I was born and raised in a small northern California town and was first introduced to international travel through trips to Mexico with my family. I began my travels through Asia in high school, going sightseeing in China and living for a year in Taiwan. As a college student, I returned to mainland China for a semester and am back in Taiwan for the sixth time, this time with CSU-IP, where I will study at NTU for a year. As a Chinese major, it is critical for me to immerse myself in the Chinese language and culture as much as possible, so it is a pleasure to be back in Taiwan.
Taipei 101, the iconic image of Taipei, and the world's tallest building, is also the #1 travel destination in Taiwan. This photo is a shot from the NTU campus.
Arguably the #2 destination for travelers in Taiwan is the beautiful Toroko Gorge. The scenic gorge is a great getaway from the chaotic cities in the north, and is located on the secluded eastern coast. This national park boasts numerous temples, hiking trails, picturesque views, and wild monkeys.
The most rewarding parts of my time abroad are the many wonderful friendships I have made. Here, celebrating the coming new year, my roommates, our cat, and I, all enjoy our homemade hot pot, a classic dish in Taiwan. We got carried away in celebrating the new year and spent over $100 US on the ingredients, which included a variety of meat, seafood, vegetables, and some other goodies only found in Taiwan.
With new friends as well as old, my birthday became an all-weekend celebration! Here is a picture of one night with a small group of friends enjoying one of the many delicious restaurants Taipei has to offer.
One of my favorite spots to visit in Taiwan is the small resort town of Kenting at the southernmost tip of the island. Here, one can relax in the sun, swim at the best beach in Taiwan, hike in the surrounding jungle or shop on the main strip.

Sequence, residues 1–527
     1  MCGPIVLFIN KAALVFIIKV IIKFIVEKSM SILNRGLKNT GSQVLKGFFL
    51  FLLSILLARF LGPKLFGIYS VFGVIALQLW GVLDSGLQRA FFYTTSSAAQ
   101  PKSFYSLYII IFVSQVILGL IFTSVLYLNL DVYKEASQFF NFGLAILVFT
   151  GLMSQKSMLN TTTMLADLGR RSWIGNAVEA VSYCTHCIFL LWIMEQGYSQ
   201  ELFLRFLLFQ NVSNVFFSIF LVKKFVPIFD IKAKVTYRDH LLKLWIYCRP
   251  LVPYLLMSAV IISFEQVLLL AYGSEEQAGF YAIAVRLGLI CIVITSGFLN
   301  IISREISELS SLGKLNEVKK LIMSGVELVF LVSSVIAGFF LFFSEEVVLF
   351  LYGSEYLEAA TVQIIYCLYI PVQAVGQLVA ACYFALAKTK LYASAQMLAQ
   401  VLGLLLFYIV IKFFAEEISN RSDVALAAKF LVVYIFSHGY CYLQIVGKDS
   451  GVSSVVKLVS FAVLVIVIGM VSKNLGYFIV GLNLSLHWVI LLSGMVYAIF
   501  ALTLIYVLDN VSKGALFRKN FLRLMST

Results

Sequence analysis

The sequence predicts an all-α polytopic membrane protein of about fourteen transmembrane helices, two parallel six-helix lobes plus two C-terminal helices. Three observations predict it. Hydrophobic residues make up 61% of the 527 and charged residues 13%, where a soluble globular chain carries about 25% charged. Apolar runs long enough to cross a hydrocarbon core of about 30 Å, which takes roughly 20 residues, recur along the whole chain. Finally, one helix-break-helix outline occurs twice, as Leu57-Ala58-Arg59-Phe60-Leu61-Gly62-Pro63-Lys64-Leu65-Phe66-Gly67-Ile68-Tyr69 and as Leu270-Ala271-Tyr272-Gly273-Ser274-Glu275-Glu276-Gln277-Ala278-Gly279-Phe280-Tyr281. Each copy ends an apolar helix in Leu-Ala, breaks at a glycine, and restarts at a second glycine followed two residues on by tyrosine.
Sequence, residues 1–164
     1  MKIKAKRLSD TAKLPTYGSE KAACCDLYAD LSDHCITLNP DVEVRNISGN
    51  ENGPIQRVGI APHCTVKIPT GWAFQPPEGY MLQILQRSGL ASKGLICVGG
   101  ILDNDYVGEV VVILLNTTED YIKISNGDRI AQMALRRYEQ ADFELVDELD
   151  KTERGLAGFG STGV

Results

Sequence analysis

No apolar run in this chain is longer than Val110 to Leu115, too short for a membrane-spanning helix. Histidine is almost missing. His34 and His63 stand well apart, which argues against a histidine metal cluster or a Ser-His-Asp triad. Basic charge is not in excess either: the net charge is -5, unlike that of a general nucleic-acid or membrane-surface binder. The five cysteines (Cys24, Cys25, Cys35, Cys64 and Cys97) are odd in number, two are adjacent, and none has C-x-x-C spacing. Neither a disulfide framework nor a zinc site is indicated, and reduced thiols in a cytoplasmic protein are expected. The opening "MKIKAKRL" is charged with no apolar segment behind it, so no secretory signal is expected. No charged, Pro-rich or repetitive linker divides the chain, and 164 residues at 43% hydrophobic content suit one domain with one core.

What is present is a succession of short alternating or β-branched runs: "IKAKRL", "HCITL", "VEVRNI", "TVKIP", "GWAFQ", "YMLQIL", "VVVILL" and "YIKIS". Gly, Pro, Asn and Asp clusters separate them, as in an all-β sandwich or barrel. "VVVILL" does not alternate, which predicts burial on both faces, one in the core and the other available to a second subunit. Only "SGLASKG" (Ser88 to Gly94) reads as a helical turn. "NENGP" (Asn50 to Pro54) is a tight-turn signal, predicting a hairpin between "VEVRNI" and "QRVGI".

Centered in the city lies another one of Taipei's many landmarks, Chiang Kai-shek Memorial Hall. It is surrounded by the grand entrance gate to the giant center plaza, the National Theater, and the National Concert Hall. All of these structures are particularly special and are a great place to take pictures.
All holidays are welcome here in Taiwan! Although I do not particularly look forward to Halloween as some do, I couldn't resist dressing up and partaking in the fun at the largest Halloween party in all of Asia, which hosted over 10,000 people and is only found here in Taiwan!
Like Halloween, Christmas, although not as popular as in the United States, is also celebrated here in Taiwan. During the holiday season, the main shopping district of Taipei has an incredible amount of Christmas trees in all sizes, icicle lights, Christmas displays, and carolers lining the streets.
Here is one of the unique architectural features from my favorite temple in Hualian, the largest city on the eastern coast. Temples can be found in every city and even small towns all throughout Taiwan and are an important part of life in Taiwan.
Taiwan is an innovative and creative country in many aspects, especially when it comes to food. This is a traditional Taiwanese lunch of different vegetables, tea, eggs, pork belly, sausage, an assortment of other sides, and of course, white rice.
Learn more about the study abroad program in Taiwan